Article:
Eight European Union countries will meet in Brussels Sunday to discuss Europe's largest migration crisis since World War II, a development that could affect the increasingly heated political disagreements among EU nations over the controversial issue.
European Commission President Jean-Claude Juncker called the meeting, which is expected to be attended by Austria, Bulgaria, Italy, France, Germany, Greece, Malta and Spain.
The leaders will explore how to stop migrants from relocating to different EU countries after claiming asylum in one of the Mediterranean countries they initially entered.
The meeting will precede an EU summit later this month at which leaders will attempt to finalize a joint migration policy three years after more than 1 million people entered Europe, primarily those fleeing violence in the Middle East and Asia.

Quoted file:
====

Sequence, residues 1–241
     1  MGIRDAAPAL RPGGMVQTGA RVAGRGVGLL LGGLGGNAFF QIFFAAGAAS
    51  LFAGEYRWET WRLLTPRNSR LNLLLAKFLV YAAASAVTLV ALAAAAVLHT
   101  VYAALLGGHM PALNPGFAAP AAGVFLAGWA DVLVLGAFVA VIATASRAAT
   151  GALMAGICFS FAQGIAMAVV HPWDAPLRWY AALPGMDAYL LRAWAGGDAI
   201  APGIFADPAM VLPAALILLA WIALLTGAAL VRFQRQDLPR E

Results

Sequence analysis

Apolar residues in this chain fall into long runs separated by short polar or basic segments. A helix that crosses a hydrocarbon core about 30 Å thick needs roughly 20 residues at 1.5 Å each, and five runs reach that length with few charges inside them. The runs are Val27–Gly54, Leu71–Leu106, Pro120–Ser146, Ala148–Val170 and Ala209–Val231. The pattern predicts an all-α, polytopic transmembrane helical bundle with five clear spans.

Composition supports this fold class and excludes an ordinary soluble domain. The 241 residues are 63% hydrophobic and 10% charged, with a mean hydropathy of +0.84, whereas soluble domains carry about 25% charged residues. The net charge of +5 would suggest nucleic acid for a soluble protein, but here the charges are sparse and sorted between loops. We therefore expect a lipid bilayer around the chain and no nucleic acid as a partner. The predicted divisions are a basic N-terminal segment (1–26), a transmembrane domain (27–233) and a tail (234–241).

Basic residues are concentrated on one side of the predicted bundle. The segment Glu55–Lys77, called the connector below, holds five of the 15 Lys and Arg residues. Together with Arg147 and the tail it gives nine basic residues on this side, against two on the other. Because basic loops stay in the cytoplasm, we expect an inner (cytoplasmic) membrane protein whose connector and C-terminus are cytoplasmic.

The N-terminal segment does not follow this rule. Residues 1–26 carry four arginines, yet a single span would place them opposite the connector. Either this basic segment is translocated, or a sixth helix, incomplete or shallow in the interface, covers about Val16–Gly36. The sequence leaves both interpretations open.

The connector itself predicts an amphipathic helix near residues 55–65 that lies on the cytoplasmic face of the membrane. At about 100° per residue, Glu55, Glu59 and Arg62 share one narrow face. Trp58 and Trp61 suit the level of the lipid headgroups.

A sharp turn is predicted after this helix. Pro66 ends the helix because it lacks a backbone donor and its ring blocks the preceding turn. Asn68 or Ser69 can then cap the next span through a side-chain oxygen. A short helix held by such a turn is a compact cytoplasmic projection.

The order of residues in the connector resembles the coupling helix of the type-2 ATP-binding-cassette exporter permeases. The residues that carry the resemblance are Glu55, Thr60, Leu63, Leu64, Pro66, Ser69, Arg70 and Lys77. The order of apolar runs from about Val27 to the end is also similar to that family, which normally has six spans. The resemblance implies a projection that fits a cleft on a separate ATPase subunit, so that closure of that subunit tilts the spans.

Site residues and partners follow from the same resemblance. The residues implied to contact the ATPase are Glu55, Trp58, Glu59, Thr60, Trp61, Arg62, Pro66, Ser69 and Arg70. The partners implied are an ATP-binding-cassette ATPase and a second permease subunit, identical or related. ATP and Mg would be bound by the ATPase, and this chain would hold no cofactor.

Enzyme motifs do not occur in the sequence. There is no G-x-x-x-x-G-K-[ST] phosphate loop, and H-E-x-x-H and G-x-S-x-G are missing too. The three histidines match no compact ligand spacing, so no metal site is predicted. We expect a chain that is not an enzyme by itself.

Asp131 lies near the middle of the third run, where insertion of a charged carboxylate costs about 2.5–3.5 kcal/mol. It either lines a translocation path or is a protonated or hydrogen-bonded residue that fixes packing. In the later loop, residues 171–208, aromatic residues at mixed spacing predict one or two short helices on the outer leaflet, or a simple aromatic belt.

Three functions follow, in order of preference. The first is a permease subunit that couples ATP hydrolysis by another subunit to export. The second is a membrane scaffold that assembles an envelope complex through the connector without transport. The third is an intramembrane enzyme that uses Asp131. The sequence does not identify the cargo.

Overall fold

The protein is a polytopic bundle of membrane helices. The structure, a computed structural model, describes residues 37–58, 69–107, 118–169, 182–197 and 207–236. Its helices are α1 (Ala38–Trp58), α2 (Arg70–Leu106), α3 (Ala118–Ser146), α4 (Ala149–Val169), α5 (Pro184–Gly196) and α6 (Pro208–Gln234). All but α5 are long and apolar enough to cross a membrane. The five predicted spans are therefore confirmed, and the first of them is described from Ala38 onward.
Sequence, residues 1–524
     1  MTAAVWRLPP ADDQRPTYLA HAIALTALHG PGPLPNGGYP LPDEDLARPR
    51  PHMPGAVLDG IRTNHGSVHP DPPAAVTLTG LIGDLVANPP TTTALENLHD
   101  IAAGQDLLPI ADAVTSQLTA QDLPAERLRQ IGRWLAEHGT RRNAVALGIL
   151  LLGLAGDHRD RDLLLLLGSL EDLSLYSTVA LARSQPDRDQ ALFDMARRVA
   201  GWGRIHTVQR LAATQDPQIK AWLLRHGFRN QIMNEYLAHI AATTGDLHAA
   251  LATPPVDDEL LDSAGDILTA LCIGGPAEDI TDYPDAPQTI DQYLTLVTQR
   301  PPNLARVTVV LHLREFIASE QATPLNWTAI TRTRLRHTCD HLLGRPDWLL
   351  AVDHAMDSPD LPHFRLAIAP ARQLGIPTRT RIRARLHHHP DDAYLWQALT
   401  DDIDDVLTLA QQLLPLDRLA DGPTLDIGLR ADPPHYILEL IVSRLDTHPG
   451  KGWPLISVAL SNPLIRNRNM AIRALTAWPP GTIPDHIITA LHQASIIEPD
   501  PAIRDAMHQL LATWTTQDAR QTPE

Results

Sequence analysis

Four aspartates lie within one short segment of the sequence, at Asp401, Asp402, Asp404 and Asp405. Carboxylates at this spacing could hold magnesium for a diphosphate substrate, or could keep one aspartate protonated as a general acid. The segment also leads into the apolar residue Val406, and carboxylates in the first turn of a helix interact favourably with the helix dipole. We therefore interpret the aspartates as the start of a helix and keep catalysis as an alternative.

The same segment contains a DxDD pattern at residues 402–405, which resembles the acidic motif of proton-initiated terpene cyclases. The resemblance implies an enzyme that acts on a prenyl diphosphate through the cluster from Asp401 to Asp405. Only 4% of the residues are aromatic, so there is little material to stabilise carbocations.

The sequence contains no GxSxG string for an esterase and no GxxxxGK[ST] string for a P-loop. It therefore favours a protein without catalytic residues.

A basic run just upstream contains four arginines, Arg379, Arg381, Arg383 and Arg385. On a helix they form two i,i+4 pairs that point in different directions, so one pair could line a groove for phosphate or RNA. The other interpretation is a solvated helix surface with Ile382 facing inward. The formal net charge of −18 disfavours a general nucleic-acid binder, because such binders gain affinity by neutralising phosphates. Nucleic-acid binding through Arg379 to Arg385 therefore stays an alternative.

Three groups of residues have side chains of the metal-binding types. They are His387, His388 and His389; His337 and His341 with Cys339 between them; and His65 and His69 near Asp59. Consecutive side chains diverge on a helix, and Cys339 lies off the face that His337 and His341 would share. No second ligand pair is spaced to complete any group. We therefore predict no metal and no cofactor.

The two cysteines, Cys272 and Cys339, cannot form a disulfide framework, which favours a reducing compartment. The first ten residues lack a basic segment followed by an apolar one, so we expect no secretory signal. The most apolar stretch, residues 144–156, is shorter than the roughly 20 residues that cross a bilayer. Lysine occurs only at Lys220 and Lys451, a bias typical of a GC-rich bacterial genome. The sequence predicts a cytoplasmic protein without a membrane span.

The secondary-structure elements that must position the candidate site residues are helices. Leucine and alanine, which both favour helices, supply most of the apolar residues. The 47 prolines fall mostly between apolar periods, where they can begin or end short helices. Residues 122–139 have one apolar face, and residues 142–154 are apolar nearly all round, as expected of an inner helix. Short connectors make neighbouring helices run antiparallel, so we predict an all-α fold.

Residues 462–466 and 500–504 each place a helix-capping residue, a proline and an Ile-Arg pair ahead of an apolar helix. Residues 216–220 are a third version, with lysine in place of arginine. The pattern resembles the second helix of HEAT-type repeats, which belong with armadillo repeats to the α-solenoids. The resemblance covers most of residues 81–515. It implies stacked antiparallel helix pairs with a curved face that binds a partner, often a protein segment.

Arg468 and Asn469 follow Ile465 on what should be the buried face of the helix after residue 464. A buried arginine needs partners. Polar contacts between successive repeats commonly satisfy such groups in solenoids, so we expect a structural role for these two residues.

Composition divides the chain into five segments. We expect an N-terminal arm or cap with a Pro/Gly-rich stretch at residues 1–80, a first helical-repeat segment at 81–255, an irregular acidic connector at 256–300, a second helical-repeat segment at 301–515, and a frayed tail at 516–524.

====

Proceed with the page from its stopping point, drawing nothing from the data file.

The issue has threatened German Chancellor Angela Merkel's domestic coalition and triggered a firestorm over a boatload of migrants who were rescued from the Mediterranean Sea but were subsequently turned away by Italy's new right-wing government.
On Monday, Germany's conservative Christian Social Union gave Merkel two weeks to secure a European agreement. CSU leader and Interior Minister Horst Seehofer wants Germany to turn away migrants who have already registered in other EU countries. Merkel, however, opposes any unilateral moves that would undermine her 2015 open-door policy and her authority.